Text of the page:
Monday, May 4, 2015

10 Ways to Find Your Ideal Audience on Twitter (For Writers)

Have you been approached by services that offer you 10, 000, 20,000 30,000 !!! Twitter followers for a nominal fee?

Don't do it.

Tens of thousands of followers might look good on your home page, but if those followers aren't reading your tweets, looking at your blog posts, and buying your books, they are just meaningless numbers. What you want is real followers, people who are interested in what you have to say, and in what you have written.

How do you get genuine followers?

First you have to find your ideal audience. There are several ways to go about this using three essential tools: Followers, Twitter Lists, and Hashtags.

1) Make a list of successful authors who are similar to you. Look at their "followers" list, and follow accounts that are active. (It helps if they have a significant number of followers - more than 2 digits. Avoid accounts that look like spam, or that don't appear relevant.) This may take a little time, because you will have to actually look at their accounts and see when they last tweeted. (Ideally they should be tweeting at least five times a week.) There is no point following people who don't tweet, because they will not tweet about you. It seems selfish, but the best use of Twitter is not what you tweet, but how many people are willing to re-tweet. That's called marketing.

2) Reviewers are your audience, too. To find book reviewers, do a search on #review plus your genre. Ex. "fantasy review." This will produce a list of recent reviews. Click on the account and if the reviewer has tweeted consistently about reviews/books, follow and add them to your list of reviewers. (Note: If you search "reviewer" instead of "review" a list of promotion companies will pop up.) You can also look at the followers on popular review sites.

3) Don't follow blind. Before you follow people, read their recent tweets. If you are interested in their tweets, chances are they will be interested in yours.

4) Look at the Twitter lists of authors in your genre, as well as businesses that promote books, publicists, agents who represent your genre. Do they keep a list of publicists, promotion sites, reviewers? If an author who writes in your genre keeps a list of reviewers, odds are they will be interested in your book. (Make sure you mention how you found them in your query, or in your tweet to them.) If the list is public, and looks as if it will be useful, you can subscribe. Then do steps 1 and 2 above. (And be sure to keep your own lists.)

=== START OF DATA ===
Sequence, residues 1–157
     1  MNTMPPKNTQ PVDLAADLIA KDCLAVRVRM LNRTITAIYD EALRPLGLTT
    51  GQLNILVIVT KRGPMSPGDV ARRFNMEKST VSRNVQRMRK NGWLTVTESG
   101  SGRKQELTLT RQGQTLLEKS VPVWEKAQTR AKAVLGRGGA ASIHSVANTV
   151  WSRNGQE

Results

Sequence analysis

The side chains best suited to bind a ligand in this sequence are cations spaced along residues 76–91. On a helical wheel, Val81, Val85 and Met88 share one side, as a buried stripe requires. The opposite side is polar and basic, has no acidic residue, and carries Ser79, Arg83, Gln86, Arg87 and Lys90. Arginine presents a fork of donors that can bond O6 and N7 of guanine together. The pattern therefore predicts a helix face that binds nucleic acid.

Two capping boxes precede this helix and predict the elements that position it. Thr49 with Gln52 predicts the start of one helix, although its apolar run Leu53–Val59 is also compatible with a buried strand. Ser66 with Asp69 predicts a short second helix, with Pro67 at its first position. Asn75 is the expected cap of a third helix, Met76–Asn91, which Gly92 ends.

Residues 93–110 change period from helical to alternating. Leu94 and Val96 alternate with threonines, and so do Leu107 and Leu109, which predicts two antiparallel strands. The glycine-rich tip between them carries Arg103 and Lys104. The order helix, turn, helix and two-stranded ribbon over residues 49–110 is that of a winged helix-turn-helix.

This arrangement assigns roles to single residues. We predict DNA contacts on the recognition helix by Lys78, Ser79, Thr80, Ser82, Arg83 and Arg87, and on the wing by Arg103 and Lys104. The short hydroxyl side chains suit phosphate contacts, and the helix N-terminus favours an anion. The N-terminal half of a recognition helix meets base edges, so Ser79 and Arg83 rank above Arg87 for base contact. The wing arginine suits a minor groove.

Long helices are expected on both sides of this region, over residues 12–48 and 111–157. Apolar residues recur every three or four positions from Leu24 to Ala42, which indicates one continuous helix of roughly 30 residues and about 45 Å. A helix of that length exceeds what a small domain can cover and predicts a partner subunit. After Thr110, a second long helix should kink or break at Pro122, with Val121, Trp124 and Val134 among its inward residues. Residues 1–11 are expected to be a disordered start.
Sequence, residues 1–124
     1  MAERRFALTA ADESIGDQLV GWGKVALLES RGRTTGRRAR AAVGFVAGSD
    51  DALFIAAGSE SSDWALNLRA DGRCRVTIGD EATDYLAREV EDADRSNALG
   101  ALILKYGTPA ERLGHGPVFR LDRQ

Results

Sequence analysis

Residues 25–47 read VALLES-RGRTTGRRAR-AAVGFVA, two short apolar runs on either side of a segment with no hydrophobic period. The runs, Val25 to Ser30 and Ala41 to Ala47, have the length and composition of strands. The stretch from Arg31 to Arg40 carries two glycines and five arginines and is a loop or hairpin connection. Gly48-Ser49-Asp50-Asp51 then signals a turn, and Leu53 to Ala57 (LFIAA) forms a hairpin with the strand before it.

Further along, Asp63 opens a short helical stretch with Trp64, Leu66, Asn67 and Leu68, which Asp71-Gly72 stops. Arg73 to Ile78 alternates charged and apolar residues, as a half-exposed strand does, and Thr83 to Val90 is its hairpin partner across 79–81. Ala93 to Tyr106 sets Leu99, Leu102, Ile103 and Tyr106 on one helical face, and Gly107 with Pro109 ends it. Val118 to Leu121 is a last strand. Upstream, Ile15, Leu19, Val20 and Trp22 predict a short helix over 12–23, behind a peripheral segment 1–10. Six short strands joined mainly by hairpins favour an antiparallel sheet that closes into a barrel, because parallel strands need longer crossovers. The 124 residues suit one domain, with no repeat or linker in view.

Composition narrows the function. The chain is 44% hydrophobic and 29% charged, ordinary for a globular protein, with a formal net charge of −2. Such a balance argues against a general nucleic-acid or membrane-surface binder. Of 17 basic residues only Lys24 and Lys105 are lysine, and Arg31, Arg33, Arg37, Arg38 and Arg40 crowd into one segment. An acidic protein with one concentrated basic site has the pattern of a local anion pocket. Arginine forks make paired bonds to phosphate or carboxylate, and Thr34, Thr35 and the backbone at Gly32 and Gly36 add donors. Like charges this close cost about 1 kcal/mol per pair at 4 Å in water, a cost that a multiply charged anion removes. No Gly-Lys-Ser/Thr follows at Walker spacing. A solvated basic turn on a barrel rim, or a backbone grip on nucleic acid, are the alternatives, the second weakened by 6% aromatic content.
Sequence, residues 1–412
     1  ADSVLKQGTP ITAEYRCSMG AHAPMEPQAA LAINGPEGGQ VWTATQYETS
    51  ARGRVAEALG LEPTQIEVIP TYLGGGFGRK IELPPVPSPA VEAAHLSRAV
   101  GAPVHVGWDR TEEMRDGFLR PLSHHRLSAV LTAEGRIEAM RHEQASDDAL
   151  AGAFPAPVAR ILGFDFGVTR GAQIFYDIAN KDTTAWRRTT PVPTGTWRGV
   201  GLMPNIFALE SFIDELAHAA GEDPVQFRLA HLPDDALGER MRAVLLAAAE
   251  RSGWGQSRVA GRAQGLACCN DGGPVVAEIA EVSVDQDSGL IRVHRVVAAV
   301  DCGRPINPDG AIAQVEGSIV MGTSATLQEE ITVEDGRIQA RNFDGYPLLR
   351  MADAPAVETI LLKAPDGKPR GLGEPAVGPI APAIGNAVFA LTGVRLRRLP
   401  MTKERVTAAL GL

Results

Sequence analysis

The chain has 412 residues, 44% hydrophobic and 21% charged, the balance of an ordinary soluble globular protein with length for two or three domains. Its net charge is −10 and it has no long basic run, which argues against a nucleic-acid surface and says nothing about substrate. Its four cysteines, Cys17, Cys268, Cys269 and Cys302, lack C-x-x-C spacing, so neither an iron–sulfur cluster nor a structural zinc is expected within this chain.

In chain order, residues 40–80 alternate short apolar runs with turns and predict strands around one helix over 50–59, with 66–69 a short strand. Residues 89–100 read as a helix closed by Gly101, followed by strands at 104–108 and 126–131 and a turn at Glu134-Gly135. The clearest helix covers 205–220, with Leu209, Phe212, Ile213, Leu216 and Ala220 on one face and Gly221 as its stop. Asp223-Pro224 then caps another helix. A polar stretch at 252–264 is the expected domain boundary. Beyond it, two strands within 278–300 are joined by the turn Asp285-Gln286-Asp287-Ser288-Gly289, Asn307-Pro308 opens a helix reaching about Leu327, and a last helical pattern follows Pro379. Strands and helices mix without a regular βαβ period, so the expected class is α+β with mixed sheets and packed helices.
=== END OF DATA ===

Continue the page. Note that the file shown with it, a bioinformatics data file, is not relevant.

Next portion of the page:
5) Expand your scope beyond writers. For example, if you write about politics -  political thrillers included - find people who have similar political views to yours. (Use hashtags to find them. Ex #progressive.) Odds are pretty good that those people will be interested in what you are writing simply because you share the same point of view. (Everyone likes their perspective to be validated.) By the same token, if you write children's books, tweet about parenting, education, and other topics that interest people who are raising kids. Be engaged with the world.

6) Express yourself. If you feel strongly about something, don't be afraid to have an opinion. You want followers who believe in what you are willing to stand up for. Writers are leaders.

7) Tweet at least 5 times a day on different topics. Vary your tweets to include some with images, some that are an image only, some that are a comment, some that include a link (make sure to shorten it with bitly), and some personal news (your upcoming release, a new project you are working on, etc.) Check to see which tweets get the most responses on Twitter analytics. The tweets that are the most popular are an indication of what your audience likes to hear.

8) Use hashtags in your tweets. People who are on the lookout for topics, genres, free books on Kindle, and news events will search for them using hashtags. (If you aren't using hashtags, your tweet will get lost.) You can use those hashtags to find people who tweet on specific topics. Check out their home page, and if you like what they tweet, follow.

9) Don't be afraid to use Twitter to communicate directly with people - even if they are not your followers. I find that people who tweet me get my attention. Whether they are commenting on one of my tweets or offering something, I almost always respond, either by tweeting back, or by checking out the link they've sent me. Literary agents are also more likely to respond to a tweet than to a query. To get the attention of readers and reviewers there is no better tool than direct communication via Twitter. (Don't DM - direct message. People resent DMs. Just mention them via their handle @personyouaretweetingto.)

10) Make sure your bio includes the information that is relevant to potential followers. For example, if you write sci-fi, include your genre so that sci-fi readers can find you.  Don't include the fact that you have three kids, unless you specifically want Moms to follow you. Include what you tweet about and a personal closer that will get attention (e.g. something witty, funny, cute, dark - anything with a punch). Ex: "Author of scifi novels & short stories. Tweets about astronomy & Indie publishing. Building a time machine in my basement on weekends." On your profile, always include where you live, your website URL, and a head shot. (No eggs!)

Finding your ideal audience will take time and patience, but if you devote 15 minutes a day you can build a significant following within a few weeks. Two thousand active and engaged followers are worth more than 10,000 followers who exist in name only.

Related posts:

225 Hashtags for Writers

Platform, Shmatform: Social Media - How Numbers Lie

Twitter: How to Build a Following - for Writers




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